Gulfport, Mississippi facts for kids
Quick facts for kids
|City of Gulfport|
Clockwise from top: Downtown Gulfport, Mississippi Aquarium, Dan M. Russel Jr. Courthouse
Where Your Ship Comes In
Location within Harrison County
|Incorporated||July 28, 1898|
|• Type||Strong mayor–council|
|• Body||Gulfport City Council|
|• City||64.01 sq mi (165.78 km2)|
|• Land||55.63 sq mi (144.07 km2)|
|• Water||8.38 sq mi (21.70 km2)|
|Elevation||20 ft (6 m)|
|• Density||1,219.5/sq mi (497.70/km2)|
|• Metro||416,259 (US: 133rd)|
|Time zone||UTC−6 (CST)|
|• Summer (DST)||UTC−5 (CDT)|
|GNIS feature ID||0670771|
|Website||City of Gulfport|
Gulfport is the second-largest city in Mississippi after the state capital, Jackson. Along with Biloxi, Gulfport is the co-county seat of Harrison County and the larger of the two principal cities of the Gulfport-Biloxi, Mississippi Metropolitan Statistical Area. As of the 2020 census, the city of Gulfport had a total population of 72,926, with 416,259 in the metro area as of 2018. It is also home to the US Navy Atlantic Fleet Seabees.
An early settlement near this location, known as Mississippi City, appeared on a map of Mississippi from 1855. Mississippi City was the county seat of Harrison County from 1841 to 1902, but is now a suburb in east Gulfport.
Gulfport was incorporated on July 28, 1898. Gulfport was founded by: William H. Hardy who was president of the Gulf and Ship Island Railroad (G&SIRR) that connected inland lumber mills to the coast, and later on, joined by Joseph T. Jones who later took over the G&SIRR, dredged the harbor in Gulfport, and opened the shipping channel to the sea. In 1902, the harbor was completed and the Port of Gulfport became a working seaport that now accounts for millions of dollars in annual sales and tax revenue for the state of Mississippi.
In 1910, the U.S. Post Office and Customhouse was built. The Gulfport Post office was listed on the National Register of Historic Places in 1984.
On August 17, 1969 Gulfport and the Mississippi Gulf Coast was hit by Hurricane Camille. By central pressure, Camille was the second strongest U.S. land falling hurricane in recorded history. The area of total destruction in Harrison County, Mississippi was 68 square miles (180 km2). The total estimated cost of damage was $1.42 billion (1969 USD, $9 billion 2012 USD). This made Camille the second-most expensive hurricane in the United States, up to that point (behind Hurricane Betsy). The storm directly killed 143 people along Alabama, Mississippi, and Louisiana.
In December 1993, the City annexed 33 square miles (85 km2) north of Gulfport making it the second largest city in Mississippi.
On August 29, 2005, Gulfport was hit by the strong eastern side of Hurricane Katrina. Much of the city was flooded or destroyed in one day by the strong, hurricane-force winds which lasted over 16 hours and a storm surge exceeding 28 feet (9 m) in some sections.
Hurricane Katrina damaged over 40 Mississippi libraries, gutting the Gulfport Public Library, first floor, and breaking windows on the second floor, beyond repair, requiring total reconstruction.
The Sun Herald newspaper in Biloxi-Gulfport, under the executive editor Stanley R. Tiner, won the 2006 Pulitzer Prize in journalism for its Katrina coverage.
The local ABC television affiliate, WLOX, won The Peabody Award for its Hurricane Katrina coverage.
According to the United States Census Bureau, the city had a total area of 64.2 sq mi (166.4 km2), of which 56.9 sq mi (147.4 km2) is land and 7.3 sq mi (19.0 km2) (11.40%) is water.
Gulfport has a humid subtropical climate, which is strongly moderated by the Gulf of Mexico. Winters are short and generally warm, cold spells do occur, but seldom last long. Snow flurries are rare in the city, with no notable accumulation occurring most years. Summers are generally long, hot and humid, though the city's proximity to the Gulf prevents extreme summer highs, as seen farther inland. Gulfport is subject to extreme weather, most notably tropical storm activity through the Gulf of Mexico.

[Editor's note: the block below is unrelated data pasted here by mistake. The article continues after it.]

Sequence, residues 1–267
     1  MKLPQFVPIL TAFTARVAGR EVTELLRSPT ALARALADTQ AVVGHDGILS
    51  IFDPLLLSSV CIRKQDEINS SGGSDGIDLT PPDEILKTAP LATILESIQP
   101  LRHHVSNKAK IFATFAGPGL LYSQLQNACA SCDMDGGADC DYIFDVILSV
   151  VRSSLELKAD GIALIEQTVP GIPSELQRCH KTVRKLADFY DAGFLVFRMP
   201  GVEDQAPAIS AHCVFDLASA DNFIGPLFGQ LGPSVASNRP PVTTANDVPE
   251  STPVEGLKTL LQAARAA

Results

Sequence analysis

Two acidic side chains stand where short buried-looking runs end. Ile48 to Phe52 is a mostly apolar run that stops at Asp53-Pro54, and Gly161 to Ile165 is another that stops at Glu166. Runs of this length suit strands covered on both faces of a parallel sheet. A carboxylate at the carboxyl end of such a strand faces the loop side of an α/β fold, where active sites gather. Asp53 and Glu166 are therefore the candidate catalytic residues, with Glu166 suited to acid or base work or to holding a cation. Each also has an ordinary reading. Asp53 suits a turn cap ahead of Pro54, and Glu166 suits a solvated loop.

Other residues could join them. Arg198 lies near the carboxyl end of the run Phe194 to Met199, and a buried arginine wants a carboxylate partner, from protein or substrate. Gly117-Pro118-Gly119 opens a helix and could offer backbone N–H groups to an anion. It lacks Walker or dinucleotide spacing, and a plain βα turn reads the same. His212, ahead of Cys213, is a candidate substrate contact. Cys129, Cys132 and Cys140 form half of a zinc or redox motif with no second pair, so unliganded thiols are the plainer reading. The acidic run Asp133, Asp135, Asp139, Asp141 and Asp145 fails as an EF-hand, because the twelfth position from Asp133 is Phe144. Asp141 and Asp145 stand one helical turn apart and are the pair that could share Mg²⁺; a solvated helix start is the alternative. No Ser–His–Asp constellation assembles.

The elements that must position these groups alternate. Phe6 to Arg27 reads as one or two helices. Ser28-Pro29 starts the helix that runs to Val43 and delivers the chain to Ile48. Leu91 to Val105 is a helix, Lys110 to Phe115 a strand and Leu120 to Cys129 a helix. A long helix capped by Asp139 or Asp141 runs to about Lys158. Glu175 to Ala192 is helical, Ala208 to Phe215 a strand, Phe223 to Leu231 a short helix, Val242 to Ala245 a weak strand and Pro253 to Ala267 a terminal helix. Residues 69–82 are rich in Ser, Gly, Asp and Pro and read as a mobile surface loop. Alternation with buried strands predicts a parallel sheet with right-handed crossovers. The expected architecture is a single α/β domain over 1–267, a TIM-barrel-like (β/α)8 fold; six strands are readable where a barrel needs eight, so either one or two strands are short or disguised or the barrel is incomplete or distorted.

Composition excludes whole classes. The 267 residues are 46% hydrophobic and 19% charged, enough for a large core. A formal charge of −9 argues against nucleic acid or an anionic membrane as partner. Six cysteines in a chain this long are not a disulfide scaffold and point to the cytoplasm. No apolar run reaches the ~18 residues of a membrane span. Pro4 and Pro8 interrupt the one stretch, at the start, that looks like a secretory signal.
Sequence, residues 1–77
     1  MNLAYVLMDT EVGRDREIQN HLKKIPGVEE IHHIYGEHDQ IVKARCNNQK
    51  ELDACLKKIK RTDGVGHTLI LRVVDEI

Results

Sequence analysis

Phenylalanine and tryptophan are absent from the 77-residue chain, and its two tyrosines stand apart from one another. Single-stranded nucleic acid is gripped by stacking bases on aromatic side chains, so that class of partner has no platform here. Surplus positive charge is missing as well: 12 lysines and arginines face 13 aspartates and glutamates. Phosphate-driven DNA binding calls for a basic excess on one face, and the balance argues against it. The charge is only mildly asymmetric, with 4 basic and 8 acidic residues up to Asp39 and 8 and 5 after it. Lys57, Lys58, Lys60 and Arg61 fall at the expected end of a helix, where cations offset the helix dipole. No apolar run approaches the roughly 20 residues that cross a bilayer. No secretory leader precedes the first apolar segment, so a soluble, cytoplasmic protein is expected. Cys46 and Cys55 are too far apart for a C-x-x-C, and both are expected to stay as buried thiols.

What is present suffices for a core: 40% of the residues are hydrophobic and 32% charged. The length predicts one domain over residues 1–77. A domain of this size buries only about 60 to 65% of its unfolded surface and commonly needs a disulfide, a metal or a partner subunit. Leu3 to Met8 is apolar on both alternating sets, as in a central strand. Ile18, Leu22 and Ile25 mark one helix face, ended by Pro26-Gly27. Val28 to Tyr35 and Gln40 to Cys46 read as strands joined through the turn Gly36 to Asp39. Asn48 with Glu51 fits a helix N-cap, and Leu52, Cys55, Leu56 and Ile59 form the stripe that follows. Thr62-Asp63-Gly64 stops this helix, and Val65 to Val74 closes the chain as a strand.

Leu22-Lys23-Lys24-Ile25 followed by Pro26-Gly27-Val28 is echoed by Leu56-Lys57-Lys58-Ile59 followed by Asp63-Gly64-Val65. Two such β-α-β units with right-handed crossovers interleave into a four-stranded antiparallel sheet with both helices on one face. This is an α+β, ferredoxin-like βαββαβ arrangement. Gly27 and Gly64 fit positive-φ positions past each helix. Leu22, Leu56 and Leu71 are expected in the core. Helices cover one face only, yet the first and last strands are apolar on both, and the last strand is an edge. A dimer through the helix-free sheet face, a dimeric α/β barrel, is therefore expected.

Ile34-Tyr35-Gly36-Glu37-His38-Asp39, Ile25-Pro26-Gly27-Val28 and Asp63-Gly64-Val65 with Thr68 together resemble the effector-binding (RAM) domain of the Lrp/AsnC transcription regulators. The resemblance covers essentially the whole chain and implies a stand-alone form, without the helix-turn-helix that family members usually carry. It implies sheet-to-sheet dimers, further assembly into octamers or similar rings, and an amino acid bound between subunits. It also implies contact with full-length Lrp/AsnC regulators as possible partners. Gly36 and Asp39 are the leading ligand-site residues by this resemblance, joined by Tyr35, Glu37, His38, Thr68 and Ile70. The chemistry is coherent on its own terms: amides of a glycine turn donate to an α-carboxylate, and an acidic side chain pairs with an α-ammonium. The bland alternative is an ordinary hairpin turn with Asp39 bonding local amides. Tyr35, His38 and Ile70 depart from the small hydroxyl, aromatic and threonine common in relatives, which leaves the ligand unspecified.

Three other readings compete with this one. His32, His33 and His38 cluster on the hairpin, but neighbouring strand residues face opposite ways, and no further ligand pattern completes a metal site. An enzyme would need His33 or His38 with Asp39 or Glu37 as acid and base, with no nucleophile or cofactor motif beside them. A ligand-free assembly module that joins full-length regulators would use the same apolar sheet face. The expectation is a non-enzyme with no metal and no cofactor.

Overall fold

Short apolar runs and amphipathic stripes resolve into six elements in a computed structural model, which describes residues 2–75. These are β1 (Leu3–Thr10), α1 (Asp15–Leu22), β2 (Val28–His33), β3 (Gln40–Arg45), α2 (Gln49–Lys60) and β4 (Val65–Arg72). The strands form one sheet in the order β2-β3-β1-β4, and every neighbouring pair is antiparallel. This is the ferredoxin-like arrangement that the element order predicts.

|Climate data for Gulfport, Mississippi (Gulfport-Biloxi Int'l), 1981–2010 normals|
|Average high °F (°C)||60.9
|Average low °F (°C)||41.6
|Precipitation inches (mm)||2.68
|Avg. precipitation days (≥ 0.01 In)||8.4||8.3||9.0||6.3||6.4||11.4||13.3||14.5||7.5||9.4||8.9||10.5||113.9|
|U.S. Decennial Census
2018 Estimate 2020 census
|Black or African American (non-Hispanic)||28,287||38.79%|
|Hispanic or Latino||5,015||6.88%|
As of the 2020 United States census, there were 72,926 people, 25,559 households, and 15,584 families residing in the city.
According to the census of 2010, there were 67,793 people living in the city. The population density was 1,191.4 people per square mile (459.9/km2). The city had 50,825 or 74.97% of its population at the age of 18 and above. The racial makeup of the city was 56.86% White, 36.07% African American, 0.39% Native American, 1.69% Asian, 0.14% Pacific Islander, 2.13% from other races, and 2.73% from two or more races. Results show that 5.19% of the population was Hispanic/Latino of any race.
There were 31,602 housing units at an average density of 555.4 per square mile (214.4/km2) with 83.24% of housing units occupied and an average of 2.57 persons living in each occupied housing unit.
Comparing the 2000 and 2010 Census, the population of the city went down while the total number of housing units rose. This can be attributed to Hurricane Katrina, which destroyed housing and displaced people. New housing development has continued with a mixture of redevelopment from hurricane damage, though not all of the displaced population returned.
As of the census of 2000, there were 26,943 households, out of which 32.1% had children under the age of 18 living with them, 42.6% were married couples living together, 18.2% had a female householder with no husband present, and 34.5% were non-families. 27.7% of all households were made up of individuals, and 8.5% had someone living alone who was 65 years of age or older. The average household size was 2.51 and the average family size was 3.07.
In Gulfport, the population dispersal was 26.0% under the age of 18, 11.1% from 18 to 24, 30.4% from 25 to 44, 21.1% from 45 to 64, and 11.4% who were 65 years of age or older. The median age was 34 years. For every 100 females, there were 98.2 males. For every 100 females age 18 and over, there were 96.1 males. The median income for a household in the city was $32,779, and the median income for a family was $39,213. Males had a median income of $29,220 versus $21,736 for females. The per capita income for the city was $17,554. 17.7% of the population and 14.1% of families were below the poverty line. Out of the total population, 25.8% of those under the age of 18 and 13.7% of those 65 and older were living below the poverty line.